Since several people have taken issue with my non-support for both of our fine presidential candidates, I figured I'd expand on my reasoning a bit and answer a few objections.
Here's my fundamental concern: Both Barack Obama and John McCain are unwitting (I hope) advocates of what C.S. Lewis referred to as "the abolition of man." Their positions on abortion and embryonic stem cell research, in light of their beliefs about the beginning of life, don't just mean death for millions of tiny humans; they mean the death of human morality and, thus, of humanity itself.
If you say, as Senator McCain essentially does, "Yes, an embryo is a living human being with human rights, but it's OK to kill it if there's a good reason," that's not the first step down a slippery slope. That's leaping off a precipice. Once you say that deliberately taking innocent human life is acceptable in certain situations, morality is over.
The inalienable right to life is the most basic of all human rights. It's the foundation upon which all other rights stand. Start justifying exceptions to this absolute law, and the whole edifice of morality comes crashing down, not gradually, but in an instant. Gone.
It may take a while for people to notice. The building still looks pretty sturdy.
But it's an illusion, a trick of the mind. There's nothing there. We're debating a mirage. Without certain absolute values, there is no morality, no right or wrong, no good or bad.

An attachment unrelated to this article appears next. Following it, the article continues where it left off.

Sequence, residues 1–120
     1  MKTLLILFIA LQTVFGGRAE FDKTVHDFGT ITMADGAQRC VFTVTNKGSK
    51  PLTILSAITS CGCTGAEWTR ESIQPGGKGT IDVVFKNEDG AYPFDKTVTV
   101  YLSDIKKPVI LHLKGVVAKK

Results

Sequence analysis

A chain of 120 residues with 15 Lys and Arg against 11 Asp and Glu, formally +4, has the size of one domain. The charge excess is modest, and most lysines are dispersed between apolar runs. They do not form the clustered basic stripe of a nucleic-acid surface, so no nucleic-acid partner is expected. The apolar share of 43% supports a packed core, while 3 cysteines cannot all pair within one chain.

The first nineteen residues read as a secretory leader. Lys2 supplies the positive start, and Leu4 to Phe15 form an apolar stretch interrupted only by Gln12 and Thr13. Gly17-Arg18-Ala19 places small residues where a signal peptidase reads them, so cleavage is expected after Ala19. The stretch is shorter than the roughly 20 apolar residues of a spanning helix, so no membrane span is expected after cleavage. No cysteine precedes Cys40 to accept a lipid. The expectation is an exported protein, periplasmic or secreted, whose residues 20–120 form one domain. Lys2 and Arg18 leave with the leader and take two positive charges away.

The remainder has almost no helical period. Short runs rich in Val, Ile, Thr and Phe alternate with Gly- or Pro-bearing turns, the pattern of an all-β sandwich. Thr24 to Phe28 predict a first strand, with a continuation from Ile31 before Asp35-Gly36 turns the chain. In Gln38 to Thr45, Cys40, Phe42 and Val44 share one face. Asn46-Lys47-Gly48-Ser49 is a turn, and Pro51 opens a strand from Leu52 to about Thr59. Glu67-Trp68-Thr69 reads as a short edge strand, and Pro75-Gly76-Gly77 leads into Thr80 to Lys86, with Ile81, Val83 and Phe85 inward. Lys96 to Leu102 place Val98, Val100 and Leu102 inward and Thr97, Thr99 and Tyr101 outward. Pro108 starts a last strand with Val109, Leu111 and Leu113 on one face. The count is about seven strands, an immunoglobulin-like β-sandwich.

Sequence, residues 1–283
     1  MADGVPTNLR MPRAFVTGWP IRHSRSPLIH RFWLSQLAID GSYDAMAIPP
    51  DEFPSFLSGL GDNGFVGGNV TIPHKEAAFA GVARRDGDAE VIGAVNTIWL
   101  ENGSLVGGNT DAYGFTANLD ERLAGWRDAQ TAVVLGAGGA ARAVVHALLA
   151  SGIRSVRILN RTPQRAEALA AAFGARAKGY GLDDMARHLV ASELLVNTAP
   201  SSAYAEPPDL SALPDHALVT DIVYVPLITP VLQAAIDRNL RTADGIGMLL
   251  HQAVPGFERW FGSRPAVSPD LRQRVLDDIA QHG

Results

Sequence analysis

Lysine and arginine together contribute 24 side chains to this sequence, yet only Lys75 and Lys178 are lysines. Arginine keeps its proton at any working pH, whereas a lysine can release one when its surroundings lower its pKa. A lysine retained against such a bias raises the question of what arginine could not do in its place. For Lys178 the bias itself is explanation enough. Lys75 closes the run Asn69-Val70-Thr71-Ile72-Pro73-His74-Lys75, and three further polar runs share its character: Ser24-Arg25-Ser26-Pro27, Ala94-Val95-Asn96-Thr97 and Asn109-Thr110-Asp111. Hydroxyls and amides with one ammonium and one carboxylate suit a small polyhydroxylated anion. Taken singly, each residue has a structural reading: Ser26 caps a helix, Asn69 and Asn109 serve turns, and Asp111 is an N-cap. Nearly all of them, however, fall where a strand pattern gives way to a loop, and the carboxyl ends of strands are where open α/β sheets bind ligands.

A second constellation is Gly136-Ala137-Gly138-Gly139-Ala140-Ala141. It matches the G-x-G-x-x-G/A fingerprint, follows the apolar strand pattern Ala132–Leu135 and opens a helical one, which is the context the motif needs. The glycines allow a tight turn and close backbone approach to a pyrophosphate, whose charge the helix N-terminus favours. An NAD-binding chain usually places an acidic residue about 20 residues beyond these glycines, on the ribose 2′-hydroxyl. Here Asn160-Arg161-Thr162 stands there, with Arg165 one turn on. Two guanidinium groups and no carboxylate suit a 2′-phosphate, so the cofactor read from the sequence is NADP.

And what used to be humanity is left to be governed by animal desires and brute force.
Am I being hysterical, over-dramatic? I hope so. But I don't see how to escape the conclusion.
So yeah, I don't want to support either Obama or McCain, because I think they're both extraordinarily scary candidates. The United States Conference of Catholic Bishops tells me that, as a Catholic, I'm under no obligation to support either of them. Plus, I live in Washington state, where even if I could vote 100,000 times for either candidate I wouldn't affect the outcome.
For the record, I do think it's morally legitimate to vote for the lesser of two evils with the intention of limiting evil. I imagine I'll do it many times in my life. But not this year. I don't want either Obama or McCain to see my vote in their column and get the idea that I support their vision.
I'm not just shirking my civic duty. I plan to write letters to both Senator Obama and Senator McCain to let them know why they won't be receiving my vote. They'll never personally read them, of course, but I've got to think a letter is significantly more impactful than a single ballot. And I'll vote for some quixotic candidate whose hand I wouldn't be hesitant to shake.
Writing this post has left me in rather a dark mood. I don't like to think too deeply about the state of the world. In times like these it's good to remember the words of Jesus: "In this world you will have trouble. But take heart! I have overcome the world" (John 16:33).